Instead, ETAN reaffirmed its commitment to the rights of the peoples of Timor-Leste and the wider Indonesian region, renaming itself the East Timor and Indonesia Action N Network, while continuing to press for human rights accountability. Please support ETAN’s work by donating today.

New people began to turn to ETAN who had not been in the solidarity movement but who wished to support development of the newly independent country. ETAN is now the “go-to” source for access to media articles and academic research on Timor-Leste and Indonesia. ETAN’s east-timor listserv (the successor to reg.easttimor) is used extensively by Timorese, Indonesians, and malae (internationals). It has become an indispensable research tool for journalists, academics, and those in human rights and development assistance. It is a key site for posting job advertisements in Timor, helping Timor-Leste’s growing population find meaningful employment.

 The relevance and usefulness of the list is clear. In the past year, more than 1000 new people have joined.

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The relevance and usefulness of ETAN is also clear, as we prepare to press the new U.S. president and administration to support human rights, accountability, and a demilitarized policy toward Indonesia, West Papua, and Timor-Leste. Please support ETAN's fight for justice, accountability, and human rights for West Papua, Timor-Leste, and Indonesia.

The 21st century has seen the rise of social media (which in many ways is very fleeting) and ETAN has a presence on Facebook, Instagram, and Twitter, yet ETAN’s email listservs remain the indispensable source to which researchers and others turn for documents on Timor-Leste, Indonesia; and West Papua. Much of the list is archived online available to all. And ETAN’s information services are still maintained by mainly the same group of enthusiasts who work selflessly. The Timorese Government has rightly recognized ETAN for its information and solidarity work with the Medal of the Order of Timor-Leste in 2012.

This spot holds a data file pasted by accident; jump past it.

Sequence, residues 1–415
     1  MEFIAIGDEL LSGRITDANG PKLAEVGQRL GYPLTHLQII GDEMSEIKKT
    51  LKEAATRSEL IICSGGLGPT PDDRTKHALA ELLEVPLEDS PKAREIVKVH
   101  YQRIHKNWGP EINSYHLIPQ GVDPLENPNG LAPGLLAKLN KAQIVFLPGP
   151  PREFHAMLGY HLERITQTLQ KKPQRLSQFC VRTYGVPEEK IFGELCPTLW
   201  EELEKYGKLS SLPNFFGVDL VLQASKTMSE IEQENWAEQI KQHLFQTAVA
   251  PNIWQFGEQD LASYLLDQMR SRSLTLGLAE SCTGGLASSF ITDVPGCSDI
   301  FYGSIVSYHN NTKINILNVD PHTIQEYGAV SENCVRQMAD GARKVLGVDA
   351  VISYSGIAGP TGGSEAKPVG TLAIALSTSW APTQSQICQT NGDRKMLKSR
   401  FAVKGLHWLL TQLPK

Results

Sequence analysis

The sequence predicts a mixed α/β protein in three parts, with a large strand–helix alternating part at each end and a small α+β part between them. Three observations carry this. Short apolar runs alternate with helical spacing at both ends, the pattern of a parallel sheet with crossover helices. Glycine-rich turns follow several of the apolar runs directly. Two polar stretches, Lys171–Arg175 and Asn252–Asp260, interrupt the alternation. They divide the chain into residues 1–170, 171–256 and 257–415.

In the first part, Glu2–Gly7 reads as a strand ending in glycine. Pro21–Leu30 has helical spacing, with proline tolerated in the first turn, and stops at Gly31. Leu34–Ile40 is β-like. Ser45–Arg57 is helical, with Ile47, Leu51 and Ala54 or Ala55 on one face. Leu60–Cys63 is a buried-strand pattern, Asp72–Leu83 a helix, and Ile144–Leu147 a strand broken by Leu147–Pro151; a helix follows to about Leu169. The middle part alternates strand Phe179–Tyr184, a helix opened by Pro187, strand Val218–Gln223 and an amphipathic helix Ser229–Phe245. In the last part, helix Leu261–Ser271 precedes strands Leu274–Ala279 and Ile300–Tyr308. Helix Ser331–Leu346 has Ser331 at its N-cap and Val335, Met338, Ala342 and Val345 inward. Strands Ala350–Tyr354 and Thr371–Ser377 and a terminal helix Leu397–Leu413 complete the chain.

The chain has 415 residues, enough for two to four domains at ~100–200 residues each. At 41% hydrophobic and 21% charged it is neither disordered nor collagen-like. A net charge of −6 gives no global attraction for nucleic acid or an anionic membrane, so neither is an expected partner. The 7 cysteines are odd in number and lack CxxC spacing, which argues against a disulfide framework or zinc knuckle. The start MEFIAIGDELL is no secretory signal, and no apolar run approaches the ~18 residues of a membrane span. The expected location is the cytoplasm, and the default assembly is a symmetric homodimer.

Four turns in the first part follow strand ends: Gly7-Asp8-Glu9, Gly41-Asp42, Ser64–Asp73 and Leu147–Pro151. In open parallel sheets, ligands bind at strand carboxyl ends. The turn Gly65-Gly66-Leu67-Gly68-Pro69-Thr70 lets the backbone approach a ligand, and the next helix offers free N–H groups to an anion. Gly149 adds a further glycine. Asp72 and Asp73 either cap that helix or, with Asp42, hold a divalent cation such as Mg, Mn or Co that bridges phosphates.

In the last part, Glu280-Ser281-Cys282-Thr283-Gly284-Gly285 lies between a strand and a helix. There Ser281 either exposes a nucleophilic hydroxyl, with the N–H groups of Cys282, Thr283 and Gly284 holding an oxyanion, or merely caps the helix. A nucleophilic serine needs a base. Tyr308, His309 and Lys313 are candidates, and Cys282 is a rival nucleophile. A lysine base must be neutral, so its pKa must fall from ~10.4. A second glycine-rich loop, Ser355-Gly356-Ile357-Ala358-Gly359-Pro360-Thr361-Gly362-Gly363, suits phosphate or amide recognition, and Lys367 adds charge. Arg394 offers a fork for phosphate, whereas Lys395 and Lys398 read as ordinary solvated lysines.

ETAN and its incredibly productive output rely on funding from those who believe in what it is doing. We have all watched with appreciation as ETAN expanded its efforts to encompass human rights issues in Indonesia and self-determination for West Papua, along with its continued support for Timor-Leste. I urge you to just consider what would you do without ETAN? Where would you get your information on Timor-Leste, Indonesia, and West Papua? Who else is going to press the new Biden administration to support human rights and justice in the region? Then make a contribution relating to how valuable you find ETAN.

Remember, ETAN is not just a useful stream of emails, it is part of Timor-Leste’s history. It comes out of a pioneering use of the internet by human rights and solidarity activists. It is provided by real live human beings who believe in what they are doing. Your contribution will help ensure ETAN’s independence too -- and how important is that, in this era of ‘fake news’?!

I thank you for helping to insure ETAN’s continued existence, independence; and unwavering commitment to human rights and self-determination.

In solidarity,

 Helen M. Hill

Member, ETAN Board of Directors
Orden Timor-Leste 2014
Advisor to Minister at Ministério da Educação, Juventude e Desporto
Former Senior lecturer at Victoria University, Melbourne, Australia